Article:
Here are the facts…
The survey takers at Gallup recently asked Democrats and Republicans their views on socialism and capitalism.
For the first time in the poll’s history, Democrats had a more positive image of socialism (57%) than capitalism (47%). And what’s crazy is that 16% of Republicans claim to hold a positive view of socialism.
Talk about an identity crisis.
But what about young voters… the folks clawing out of more and more homes that depend on checks from the government?
The numbers, while staggering, aren’t surprising. Folks between the ages of 18 and 29 are turning away from capitalism at a stunning pace.
In 2010, for example, 68% of folks in this age group had a positive view of capitalism.
Today… it’s just 45% – nearly equal to the number of kids relying on an increasingly socialist system.
It makes sense. When folks grow up in a household that depends on a government safety net… they’re more than comfortable when they hold their noses and jump right back into it.
We’d like to take them for a tour of those barns though.
It will change their minds.
The “before” picture shows the debilitating effects of government handouts and feel-good economics. The “after” picture shows the immense beauty of capitalism.
Here’s where our mission of teaching folks the value of capitalism and financial self-reliance is so important. If we don’t convince our youngest generations that socialism is little more than an alluring trap that has killed every economy that has dared to step into it… we’ll lose countless old barns… and, of course, a whole lot more.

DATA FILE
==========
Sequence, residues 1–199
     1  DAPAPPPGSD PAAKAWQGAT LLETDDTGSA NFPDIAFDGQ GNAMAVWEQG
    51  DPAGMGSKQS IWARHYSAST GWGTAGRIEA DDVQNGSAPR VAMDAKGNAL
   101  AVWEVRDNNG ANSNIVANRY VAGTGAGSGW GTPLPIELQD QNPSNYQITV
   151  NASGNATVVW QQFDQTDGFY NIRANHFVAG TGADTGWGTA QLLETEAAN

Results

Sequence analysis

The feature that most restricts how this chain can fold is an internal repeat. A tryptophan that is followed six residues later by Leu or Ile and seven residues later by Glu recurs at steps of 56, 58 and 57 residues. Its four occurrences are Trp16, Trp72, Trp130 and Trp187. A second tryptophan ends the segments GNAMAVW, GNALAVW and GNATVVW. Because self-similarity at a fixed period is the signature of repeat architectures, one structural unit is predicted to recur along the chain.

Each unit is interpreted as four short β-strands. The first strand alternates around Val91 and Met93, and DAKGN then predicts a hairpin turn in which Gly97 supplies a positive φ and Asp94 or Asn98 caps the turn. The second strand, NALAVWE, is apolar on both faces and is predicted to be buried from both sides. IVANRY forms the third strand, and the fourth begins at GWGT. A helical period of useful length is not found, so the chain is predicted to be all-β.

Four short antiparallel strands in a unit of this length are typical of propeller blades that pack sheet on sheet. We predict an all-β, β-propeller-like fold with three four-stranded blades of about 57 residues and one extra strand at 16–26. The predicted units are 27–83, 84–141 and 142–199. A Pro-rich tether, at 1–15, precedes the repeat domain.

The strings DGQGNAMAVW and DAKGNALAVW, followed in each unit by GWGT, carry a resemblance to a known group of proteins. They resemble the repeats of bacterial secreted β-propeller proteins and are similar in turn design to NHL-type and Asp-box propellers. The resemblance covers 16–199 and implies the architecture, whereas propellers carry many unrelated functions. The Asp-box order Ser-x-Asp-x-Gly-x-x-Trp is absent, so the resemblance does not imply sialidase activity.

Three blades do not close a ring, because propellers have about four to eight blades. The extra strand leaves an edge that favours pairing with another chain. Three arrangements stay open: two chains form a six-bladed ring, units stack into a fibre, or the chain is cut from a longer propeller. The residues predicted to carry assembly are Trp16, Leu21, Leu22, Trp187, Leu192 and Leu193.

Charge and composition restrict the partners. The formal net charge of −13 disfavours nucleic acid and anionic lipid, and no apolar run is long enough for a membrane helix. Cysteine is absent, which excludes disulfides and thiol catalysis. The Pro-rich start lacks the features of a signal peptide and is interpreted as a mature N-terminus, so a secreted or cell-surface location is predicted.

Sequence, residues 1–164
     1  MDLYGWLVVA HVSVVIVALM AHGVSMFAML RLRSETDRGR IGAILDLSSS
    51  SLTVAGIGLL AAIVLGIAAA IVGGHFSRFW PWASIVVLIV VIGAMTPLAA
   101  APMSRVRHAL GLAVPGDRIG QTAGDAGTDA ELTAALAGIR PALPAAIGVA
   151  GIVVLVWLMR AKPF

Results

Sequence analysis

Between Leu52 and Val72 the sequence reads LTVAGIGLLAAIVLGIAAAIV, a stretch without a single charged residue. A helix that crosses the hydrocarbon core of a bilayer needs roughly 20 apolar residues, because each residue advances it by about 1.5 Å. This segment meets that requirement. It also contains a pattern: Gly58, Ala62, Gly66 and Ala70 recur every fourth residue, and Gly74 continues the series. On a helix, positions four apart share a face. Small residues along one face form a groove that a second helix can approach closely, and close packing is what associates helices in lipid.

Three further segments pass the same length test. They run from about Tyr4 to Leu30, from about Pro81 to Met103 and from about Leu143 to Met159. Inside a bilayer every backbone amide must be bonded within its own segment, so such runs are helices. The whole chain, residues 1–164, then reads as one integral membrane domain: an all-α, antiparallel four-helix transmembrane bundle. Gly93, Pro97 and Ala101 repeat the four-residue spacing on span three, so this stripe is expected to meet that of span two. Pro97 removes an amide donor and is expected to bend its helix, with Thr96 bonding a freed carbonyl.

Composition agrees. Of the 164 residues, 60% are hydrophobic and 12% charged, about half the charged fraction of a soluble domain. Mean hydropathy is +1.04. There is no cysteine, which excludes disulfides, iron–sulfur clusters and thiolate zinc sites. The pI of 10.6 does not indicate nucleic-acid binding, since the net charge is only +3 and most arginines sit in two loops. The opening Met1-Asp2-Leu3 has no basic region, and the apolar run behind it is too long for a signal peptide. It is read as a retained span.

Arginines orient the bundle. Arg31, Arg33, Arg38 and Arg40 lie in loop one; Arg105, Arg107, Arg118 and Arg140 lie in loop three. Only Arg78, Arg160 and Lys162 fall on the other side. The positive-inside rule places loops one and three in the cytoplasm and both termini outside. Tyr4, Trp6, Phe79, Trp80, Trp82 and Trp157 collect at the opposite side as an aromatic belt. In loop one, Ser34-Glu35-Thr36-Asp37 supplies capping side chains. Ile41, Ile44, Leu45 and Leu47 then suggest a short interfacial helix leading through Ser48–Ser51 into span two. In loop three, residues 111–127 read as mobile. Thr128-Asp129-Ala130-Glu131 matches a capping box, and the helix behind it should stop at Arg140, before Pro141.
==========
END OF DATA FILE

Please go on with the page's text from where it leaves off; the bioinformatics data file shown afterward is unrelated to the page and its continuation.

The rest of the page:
That fact is clear.
The notion of capitalism and democracy is being pushed out of our schools. It’s being replaced with a doctrine that may feel good today but has time and time again led to tyranny, oppression and poverty.
It’s as if, all at once, we can hear the American mindset saying, “Mediocrity is good enough.” After all, that’s what socialism all but guarantees. The folks in power get rich, the hardworking don’t get what they deserve, and the lazy and the criminal among us get far more than they should.
Look around. Look at the folks in charge – from any side of the aisle.
Do you want them raising your kids? Do you want them managing your finances?
The thought of it makes us gag.
We’re witnessing the death of capitalism in America.
The solution, we’re convinced, starts at home. It starts with us spreading the truth about the humble notion of capitalism. It starts with us showing its virtues. And it starts with a broad understanding of the opportunities with and alternatives to capitalism.
Capitalism mustn’t die. For if it goes… we all go.
If more folks could see the beauty in those old barns and hear the stories of hard work and determination that were hewn into their beams, we’re convinced capitalism would live on forever.
What signs do you see of capitalism’s demise? Let us know your thoughts at email@example.com.
Editor’s Note: This has been one of the most chaotic years on record… and it shows no sign of stopping. That’s why a group of renowned investment experts – Andy included – is coming together to share their thoughts on what’s left for 2020… and how you can still come out on top. The best part? You can get access to this exclusive event from the comfort of your own home. Get all the details here.